Cherie Blair (baby at 45), Madonna (baby at 41), Sarah Brown (wife of Gordon Brown - baby at 40 and 42), Jane Seymour (twins at 45), J K Rowling (baby at 37 and 39), Patricia Hodge (twins in her 40s), Emma Thompson (baby at 40), Liz Hurley (baby at 36), Susan Sarandon (baby at 46), Mimi Rogers (baby at 45), Iman (baby at 44), Jerry Hall (baby at 41), Annette Bening (baby at 41), Brooke Shields (baby at 37 and 40), Caroline Quentin (baby at 39 and 42), Sarah Lancashire (baby at 38), Mariella Frostrup (baby at 41 and 43), Christie Brinkley (baby at 46), Geena Davis (baby at 46), Courtney Cox Arquette (baby at almost 40), Julianne Moore (baby at 37 and 41), Helen Hunt (baby at 40), Helen Fielding (baby at 46 and 48), Lowri Turner (baby at 42), Meera Syal (baby at 43), Holly Hunter (twins at 47), Sian Williams (baby at 41), Jennifer Beals (baby at 40), Sarah Edwards (baby at 46), Beverly D'Angelo (twins at 49), Fiona Fullerton (baby at 39), Sarah Jessica Parker (baby at 37), Elle Macpherson (baby at 39), Anna Nichol Smith (baby at 38), Marcia Cross (baby at 45), Kaye Adams (baby at 39 and 43), Salma Hayek (baby at 41), Jackie Brambles (baby at 39 & 40), Sharron Davies (baby at 44), Sophie, Countess of Wessex (baby at 42), Helena Bonham Carter (baby at 41), Jennifer Lopez, (twins at 38), Halle Berry (baby at 41), Ulrika Jonsson (baby at 40), Tamzin Outhwaite (baby at 37), Nicole Kidman (baby at 41), Gwen Stefani (baby at 38), Sarah Parish (baby at 40), Natasha Kaplinsky (baby at 36), Lisa Marie Presley (twins at 40), Gillian Anderson (baby at 40), Jo Whiley (baby at 43), Kate Garraway (baby at 42), Cerys Matthews (baby at 40), Sam Taylor-Wood (baby due at 43), Claudia Schiffer (baby at 39), Samantha Cameron (baby at 39), Monica Bellucci (baby at 45), Dannii Minogue (baby at 38), Celine Dion (twins at 42), Mariah Carey (baby at 41), Julia Bradbury (baby at 41), Helen Fielding (baby at 48), Arlene Phillips (baby at 47), Carla Bruni (baby at 43 .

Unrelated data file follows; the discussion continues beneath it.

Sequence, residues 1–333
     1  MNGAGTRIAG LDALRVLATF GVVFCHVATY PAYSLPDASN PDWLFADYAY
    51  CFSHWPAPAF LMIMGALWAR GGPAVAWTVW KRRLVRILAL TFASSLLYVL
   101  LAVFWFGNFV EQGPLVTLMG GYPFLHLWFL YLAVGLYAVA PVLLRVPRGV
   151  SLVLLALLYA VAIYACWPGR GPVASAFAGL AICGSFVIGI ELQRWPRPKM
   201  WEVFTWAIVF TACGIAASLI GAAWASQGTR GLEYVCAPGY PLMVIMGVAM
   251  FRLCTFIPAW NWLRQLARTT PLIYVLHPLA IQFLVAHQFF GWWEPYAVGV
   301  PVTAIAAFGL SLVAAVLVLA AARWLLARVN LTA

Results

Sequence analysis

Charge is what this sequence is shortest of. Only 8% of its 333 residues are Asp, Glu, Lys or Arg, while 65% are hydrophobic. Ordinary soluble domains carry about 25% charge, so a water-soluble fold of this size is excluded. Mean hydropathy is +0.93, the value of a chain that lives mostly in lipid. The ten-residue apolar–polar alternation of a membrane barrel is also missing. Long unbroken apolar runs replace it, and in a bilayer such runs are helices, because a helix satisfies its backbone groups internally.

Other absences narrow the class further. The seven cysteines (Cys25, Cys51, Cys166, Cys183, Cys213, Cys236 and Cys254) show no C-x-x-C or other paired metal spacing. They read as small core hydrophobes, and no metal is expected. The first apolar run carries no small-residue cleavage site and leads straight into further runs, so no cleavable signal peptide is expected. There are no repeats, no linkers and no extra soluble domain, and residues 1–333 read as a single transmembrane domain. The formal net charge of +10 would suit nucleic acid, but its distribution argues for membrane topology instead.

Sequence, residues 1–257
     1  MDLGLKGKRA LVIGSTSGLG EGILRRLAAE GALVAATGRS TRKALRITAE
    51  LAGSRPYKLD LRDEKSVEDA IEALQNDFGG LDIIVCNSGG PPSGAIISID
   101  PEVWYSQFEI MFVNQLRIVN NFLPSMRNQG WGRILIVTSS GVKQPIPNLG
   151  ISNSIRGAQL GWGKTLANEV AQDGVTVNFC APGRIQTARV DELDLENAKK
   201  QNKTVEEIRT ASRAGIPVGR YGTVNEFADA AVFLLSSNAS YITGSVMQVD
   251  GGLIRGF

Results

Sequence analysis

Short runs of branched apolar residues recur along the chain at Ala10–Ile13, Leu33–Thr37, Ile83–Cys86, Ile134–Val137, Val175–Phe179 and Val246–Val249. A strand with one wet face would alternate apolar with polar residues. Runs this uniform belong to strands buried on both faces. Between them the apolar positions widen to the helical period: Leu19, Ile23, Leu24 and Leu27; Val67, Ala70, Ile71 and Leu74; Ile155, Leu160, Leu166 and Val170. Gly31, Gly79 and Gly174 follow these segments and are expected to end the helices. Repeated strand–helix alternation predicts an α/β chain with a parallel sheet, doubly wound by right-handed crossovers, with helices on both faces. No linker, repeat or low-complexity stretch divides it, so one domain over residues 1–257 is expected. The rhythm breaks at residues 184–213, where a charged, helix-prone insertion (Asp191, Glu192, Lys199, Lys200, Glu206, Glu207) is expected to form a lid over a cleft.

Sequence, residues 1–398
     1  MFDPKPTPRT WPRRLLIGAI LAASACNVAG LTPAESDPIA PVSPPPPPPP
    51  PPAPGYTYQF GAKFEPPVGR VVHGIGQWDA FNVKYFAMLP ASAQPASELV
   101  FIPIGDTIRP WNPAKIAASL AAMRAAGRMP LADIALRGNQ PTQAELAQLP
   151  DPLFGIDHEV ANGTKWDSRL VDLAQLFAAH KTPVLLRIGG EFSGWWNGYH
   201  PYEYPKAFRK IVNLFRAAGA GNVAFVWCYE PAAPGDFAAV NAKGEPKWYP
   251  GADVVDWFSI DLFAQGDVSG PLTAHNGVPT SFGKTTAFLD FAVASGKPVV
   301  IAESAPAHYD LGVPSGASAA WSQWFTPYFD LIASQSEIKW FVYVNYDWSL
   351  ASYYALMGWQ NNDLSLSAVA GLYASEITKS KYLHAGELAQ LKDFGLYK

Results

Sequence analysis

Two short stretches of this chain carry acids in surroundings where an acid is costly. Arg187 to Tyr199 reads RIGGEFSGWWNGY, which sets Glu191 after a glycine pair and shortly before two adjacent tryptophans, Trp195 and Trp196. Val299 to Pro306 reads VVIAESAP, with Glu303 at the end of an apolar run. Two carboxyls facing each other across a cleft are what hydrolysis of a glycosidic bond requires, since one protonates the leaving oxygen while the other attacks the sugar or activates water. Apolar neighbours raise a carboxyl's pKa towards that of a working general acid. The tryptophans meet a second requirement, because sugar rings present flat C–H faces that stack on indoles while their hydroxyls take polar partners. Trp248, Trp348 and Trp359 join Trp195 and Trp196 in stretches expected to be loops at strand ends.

The world's oldest mothers

In the past...

In 1939 a Mrs Steve Pace from the U.S. was reported have given birth to her 17th child, a boy, in 1939, at the extreme age of 73. It was apparently a natural conception. [Source: Wikipedia]


In November 2008, an Indian woman, Rajo Devi, officially became the 'world's oldest mum' after giving birth to a baby girl after fertility treatment, at the age of 70.

UPDATE - June 2010.